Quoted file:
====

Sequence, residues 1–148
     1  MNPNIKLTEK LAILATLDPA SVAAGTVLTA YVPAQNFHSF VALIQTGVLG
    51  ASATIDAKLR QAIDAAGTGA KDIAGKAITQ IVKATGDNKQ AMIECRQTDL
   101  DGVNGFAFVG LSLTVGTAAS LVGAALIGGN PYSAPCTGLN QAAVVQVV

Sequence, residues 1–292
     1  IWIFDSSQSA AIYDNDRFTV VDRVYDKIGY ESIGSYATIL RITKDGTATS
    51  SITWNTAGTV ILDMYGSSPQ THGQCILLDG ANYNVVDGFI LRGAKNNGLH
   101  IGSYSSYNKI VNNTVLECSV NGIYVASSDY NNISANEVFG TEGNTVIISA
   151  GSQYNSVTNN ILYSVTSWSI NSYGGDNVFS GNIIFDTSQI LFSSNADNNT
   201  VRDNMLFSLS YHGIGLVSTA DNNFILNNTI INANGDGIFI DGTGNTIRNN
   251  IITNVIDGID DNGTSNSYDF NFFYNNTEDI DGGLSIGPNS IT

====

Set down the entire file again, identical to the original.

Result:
Sequence, residues 1–148
     1  MNPNIKLTEK LAILATLDPA SVAAGTVLTA YVPAQNFHSF VALIQTGVLG
    51  ASATIDAKLR QAIDAAGTGA KDIAGKAITQ IVKATGDNKQ AMIECRQTDL
   101  DGVNGFAFVG LSLTVGTAAS LVGAALIGGN PYSAPCTGLN QAAVVQVV

Sequence, residues 1–292
     1  IWIFDSSQSA AIYDNDRFTV VDRVYDKIGY ESIGSYATIL RITKDGTATS
    51  SITWNTAGTV ILDMYGSSPQ THGQCILLDG ANYNVVDGFI LRGAKNNGLH
   101  IGSYSSYNKI VNNTVLECSV NGIYVASSDY NNISANEVFG TEGNTVIISA
   151  GSQYNSVTNN ILYSVTSWSI NSYGGDNVFS GNIIFDTSQI LFSSNADNNT
   201  VRDNMLFSLS YHGIGLVSTA DNNFILNNTI INANGDGIFI DGTGNTIRNN
   251  IITNVIDGID DNGTSNSYDF NFFYNNTEDI DGGLSIGPNS IT